By Tim Winkler
ANU is taking a “calculated hit” by not chasing rankings success says VC Schmidt
Brian Schmidt has said that research rankings are so flawed that pursuing them is not in his university’s long-term interest.
“We are paying some short-term price in the rankings because I think the rankings are so foundationally flawed that I am betting they are going to have to fix them, and I don’t want to have screwed up my university chasing what is quite frankly this little mirage,” he said yesterday
Professor Schmidt was speaking on a panel on research at the CMM-Twig Marketing ReMaking HE on-line conference.
He was joined by Ashley Farley from the Gates Foundation who pointed to the increasing importance of open access to data and research publications, saying they were critical for researchers seeking access to Foundation grants.
“We are starting to use more ‘nudge language,’ showing we value those who have demonstrated openness of their research projects. Collaboration is very important, especially in the time of COVID; these big world problems are not going to be solved in a vacuum or by a single team.”
Associate Professor Lucy Montgomery from Curtin University’s Curtin Open Knowledge Project used the discussion to release a new dashboard comparing international open access performance, showing about 39 per cent of Australian research outputs are published open access – compared to 55 per cent in the UK and 72 per cent in Indonesia.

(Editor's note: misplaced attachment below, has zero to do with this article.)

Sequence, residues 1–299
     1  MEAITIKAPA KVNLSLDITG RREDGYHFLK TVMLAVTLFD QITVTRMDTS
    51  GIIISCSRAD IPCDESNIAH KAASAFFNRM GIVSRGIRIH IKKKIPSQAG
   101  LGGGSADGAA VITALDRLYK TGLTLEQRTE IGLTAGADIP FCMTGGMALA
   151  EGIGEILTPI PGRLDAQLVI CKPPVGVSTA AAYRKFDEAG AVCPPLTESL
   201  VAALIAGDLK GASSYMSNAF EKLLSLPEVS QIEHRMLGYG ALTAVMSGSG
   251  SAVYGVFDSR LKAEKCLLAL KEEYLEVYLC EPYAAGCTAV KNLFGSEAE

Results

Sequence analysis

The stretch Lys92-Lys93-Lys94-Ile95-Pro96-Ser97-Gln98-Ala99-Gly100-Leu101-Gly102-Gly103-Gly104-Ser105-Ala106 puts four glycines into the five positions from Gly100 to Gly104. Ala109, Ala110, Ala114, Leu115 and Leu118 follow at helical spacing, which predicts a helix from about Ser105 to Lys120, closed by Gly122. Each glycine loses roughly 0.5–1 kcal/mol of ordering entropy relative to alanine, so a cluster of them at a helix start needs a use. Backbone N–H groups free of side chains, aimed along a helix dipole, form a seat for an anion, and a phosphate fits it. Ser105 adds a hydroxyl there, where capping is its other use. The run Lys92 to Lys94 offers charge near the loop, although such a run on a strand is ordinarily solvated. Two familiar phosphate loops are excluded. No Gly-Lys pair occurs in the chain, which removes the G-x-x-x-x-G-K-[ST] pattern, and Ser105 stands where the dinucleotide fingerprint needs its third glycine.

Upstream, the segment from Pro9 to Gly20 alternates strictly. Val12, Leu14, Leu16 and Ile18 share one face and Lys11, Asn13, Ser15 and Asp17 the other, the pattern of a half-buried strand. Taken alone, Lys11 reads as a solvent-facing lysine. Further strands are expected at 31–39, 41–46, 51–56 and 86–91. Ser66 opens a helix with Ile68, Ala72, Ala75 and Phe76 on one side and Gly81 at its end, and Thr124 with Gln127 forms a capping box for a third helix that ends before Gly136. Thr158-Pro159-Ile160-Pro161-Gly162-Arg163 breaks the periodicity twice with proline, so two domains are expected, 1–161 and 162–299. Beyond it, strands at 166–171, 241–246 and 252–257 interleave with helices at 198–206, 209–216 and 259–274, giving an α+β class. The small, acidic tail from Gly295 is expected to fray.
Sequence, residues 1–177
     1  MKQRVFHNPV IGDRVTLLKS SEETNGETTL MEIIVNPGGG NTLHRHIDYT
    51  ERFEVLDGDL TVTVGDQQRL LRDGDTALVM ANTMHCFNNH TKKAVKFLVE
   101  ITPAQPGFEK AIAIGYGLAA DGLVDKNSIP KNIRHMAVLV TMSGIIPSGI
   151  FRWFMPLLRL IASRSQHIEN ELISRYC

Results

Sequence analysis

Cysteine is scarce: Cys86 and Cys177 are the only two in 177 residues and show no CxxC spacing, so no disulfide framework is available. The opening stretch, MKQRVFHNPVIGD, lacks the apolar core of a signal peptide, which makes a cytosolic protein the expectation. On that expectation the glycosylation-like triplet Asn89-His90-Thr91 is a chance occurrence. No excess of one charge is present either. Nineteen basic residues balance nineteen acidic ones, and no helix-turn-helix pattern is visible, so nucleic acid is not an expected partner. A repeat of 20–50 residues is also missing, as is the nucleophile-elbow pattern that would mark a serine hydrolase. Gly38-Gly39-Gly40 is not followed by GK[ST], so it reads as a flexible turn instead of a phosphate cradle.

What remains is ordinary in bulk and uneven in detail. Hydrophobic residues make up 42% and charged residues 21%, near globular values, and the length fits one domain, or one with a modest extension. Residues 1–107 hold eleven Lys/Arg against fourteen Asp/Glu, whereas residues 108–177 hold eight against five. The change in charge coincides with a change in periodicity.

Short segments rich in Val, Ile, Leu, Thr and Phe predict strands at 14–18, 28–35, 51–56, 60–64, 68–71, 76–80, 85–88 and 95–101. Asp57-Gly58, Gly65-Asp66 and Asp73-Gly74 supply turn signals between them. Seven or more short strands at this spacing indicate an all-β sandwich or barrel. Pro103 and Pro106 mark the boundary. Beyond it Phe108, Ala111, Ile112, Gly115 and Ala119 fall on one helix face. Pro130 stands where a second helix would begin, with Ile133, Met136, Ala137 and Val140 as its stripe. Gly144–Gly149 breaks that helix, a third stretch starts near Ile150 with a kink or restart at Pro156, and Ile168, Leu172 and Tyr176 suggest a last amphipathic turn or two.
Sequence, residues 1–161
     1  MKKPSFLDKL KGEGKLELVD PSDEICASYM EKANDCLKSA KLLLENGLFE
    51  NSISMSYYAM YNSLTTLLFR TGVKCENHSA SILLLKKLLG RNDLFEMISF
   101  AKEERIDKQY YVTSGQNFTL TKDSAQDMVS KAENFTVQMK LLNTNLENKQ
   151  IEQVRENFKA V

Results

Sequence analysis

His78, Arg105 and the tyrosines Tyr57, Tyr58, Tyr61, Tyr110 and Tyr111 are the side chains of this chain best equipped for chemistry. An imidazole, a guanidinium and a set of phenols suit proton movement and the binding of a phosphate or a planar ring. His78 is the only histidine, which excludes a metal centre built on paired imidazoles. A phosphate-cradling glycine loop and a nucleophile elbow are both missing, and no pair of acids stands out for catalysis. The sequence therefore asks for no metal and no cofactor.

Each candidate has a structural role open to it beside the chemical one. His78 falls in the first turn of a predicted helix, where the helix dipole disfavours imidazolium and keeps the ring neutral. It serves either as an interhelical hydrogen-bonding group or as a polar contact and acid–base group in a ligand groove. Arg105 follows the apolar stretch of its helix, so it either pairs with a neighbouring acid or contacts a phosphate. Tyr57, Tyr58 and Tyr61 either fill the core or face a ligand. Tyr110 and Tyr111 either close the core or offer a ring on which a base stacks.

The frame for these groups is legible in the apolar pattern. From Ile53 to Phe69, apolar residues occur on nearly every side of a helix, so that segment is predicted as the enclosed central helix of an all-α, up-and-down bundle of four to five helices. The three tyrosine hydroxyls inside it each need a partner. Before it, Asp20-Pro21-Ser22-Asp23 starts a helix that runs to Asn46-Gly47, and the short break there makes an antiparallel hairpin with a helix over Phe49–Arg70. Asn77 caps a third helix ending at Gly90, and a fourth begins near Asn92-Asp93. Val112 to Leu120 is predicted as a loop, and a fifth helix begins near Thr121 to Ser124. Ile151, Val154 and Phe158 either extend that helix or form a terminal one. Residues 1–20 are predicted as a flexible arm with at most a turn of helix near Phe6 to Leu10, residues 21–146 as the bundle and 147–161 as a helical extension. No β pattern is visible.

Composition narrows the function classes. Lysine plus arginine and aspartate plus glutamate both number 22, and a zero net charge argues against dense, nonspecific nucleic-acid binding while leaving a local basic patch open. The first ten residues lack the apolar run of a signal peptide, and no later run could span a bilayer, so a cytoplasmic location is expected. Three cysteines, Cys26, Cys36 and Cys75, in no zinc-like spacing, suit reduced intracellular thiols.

“Countries in Africa and Southeast Asia are doing a fantastic job in shifting cultures towards open access. OA is on the way to becoming a gold standard for high quality research.
“Science is much more powerful when it’s open and it’s shared.”
But Professor Schmidt warned current rankings actively discouraged open approaches and weren’t always in the interests of a university seeking to serve the nation.
“Every time I spend a dollar on First Nations’ research I go backwards (in the rankings). Every time I do put something out in a prestigious journal that is open access I go backwards.
“Sometimes you have just got to do what’s right, even if it hurts a bit.”